Sandra Brewster, Gathered and in Procession 2 (detail), Pencil, acrylic, gel transfer on paper, 30 x 44 in. unframed, 2014-15. Provided by Scarborough Arts.

Sandra Brewster, Gathered and in Procession 2 (detail), Pencil, acrylic, gel transfer on paper, 30 x 44 in. unframed, 2014-15. Provided by Scarborough Arts.

Alongside archival photographs of the old hotels and old postcards of the motels in their heyday, Fearon has also displayed pieces from Sandra Brewster, Curtia Wright, and Nadijah Robinson. She chose these three because their work touches on themes of migration and displacement, and because they were all women of colour. “There aren’t always spaces for women of colour to show work and I really wanted to prioritize that,” Fearon says.

The Merry Macs motel, 374 Kingston Road, on a postcard in1962. Photo Courtesy of the Scarborough Historical Society. Provided by Scarborough Arts.

The Merry Macs motel, 374 Kingston Road, on a postcard in1962. Photo Courtesy of the Scarborough Historical Society. Provided by Scarborough Arts.

On Saturday, March 18, Myseum organized a bus trip out to the Bluffs Gallery to get a tour of the exhibit. Fearon explained the history of Kingston Road and introduced a video, which included footage of the motels and of an interview Fearon did with a local poet who used to accompany sex workers to the motels to make sure they were safe. One of the visitors, Diana Opolski, accompanied by her dog, Spike, had a personal connection to the exhibit. Her parents used to own the Merry Macs motel on the strip and she had fond memories of growing up there in the 70s. “I had four bathing suits, because I swam in the pool so often,” she says, describing the motel and grounds of her childhood as a “personal Disneyland.”

The exhibit space also featured a map of the area painted across a whole wall. Visitors wrote six-word stories (although some participants chose a different word count) and stuck them to the wall, as part of the My City My Six project. Some were simple (like, “This is home,” or “I work here”), while others were more enigmatic (like, “Memories here with you last summer”).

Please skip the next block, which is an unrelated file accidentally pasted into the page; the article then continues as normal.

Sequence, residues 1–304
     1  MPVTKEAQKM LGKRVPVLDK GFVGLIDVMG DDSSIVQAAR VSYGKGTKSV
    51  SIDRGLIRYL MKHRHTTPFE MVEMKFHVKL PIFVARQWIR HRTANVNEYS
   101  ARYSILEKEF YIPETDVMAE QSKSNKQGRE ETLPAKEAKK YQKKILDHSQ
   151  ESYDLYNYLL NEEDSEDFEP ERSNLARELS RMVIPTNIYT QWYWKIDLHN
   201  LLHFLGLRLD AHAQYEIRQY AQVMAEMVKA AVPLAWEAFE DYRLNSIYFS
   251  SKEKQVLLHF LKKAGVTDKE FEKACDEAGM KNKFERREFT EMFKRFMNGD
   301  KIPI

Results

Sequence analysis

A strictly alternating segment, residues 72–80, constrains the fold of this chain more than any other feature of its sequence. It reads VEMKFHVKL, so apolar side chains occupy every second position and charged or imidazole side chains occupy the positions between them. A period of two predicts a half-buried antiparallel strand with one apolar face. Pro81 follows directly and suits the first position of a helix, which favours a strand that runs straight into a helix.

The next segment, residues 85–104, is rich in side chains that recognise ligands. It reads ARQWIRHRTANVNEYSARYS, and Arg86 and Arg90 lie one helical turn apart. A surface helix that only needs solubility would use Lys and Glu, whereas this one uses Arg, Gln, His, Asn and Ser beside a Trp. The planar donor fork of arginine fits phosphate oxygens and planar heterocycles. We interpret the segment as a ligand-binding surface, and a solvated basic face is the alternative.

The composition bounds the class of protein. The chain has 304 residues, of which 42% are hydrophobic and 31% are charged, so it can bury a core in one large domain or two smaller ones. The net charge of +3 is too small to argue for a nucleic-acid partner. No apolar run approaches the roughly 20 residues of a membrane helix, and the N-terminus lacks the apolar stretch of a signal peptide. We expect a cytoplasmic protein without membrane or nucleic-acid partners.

Curtia Wright, Paraiso I (male), 2015. Oil on wood, 12 x 12 in. © David Mitchell Studio. Provided by Scarborough Arts.

Curtia Wright, Paraiso I (male), 2015. Oil on wood, 12 x 12 in. © David Mitchell Studio. Provided by Scarborough Arts.

Curtia Wright, one of the artists included in the exhibit, spoke to the visitors on Saturday about her paintings. Her pieces in No Vacancy were painted in 2015, but feature neon motel signs. She says she was inspired by the beautiful signs and pastel colours of the motel era, but also by the mystery of these spaces. She juxtaposes them in her work with Black faces in the foreground. The people look uncomfortable, shaded, or deformed, she says, because it’s a reflection of how “your assumptions make them an alien body.”

The exhibit runs until March 31 at the Scarborough Arts Bluffs Gallery, Monday to Friday from 10 a.m. to 5 p.m. There will be a panel discussion on March 30 from 6 p.m. to 10 p.m.

Torontoist has recommended other must-see Intersections events and exhibits, including a film and a storytelling event that highlight queer history in the city.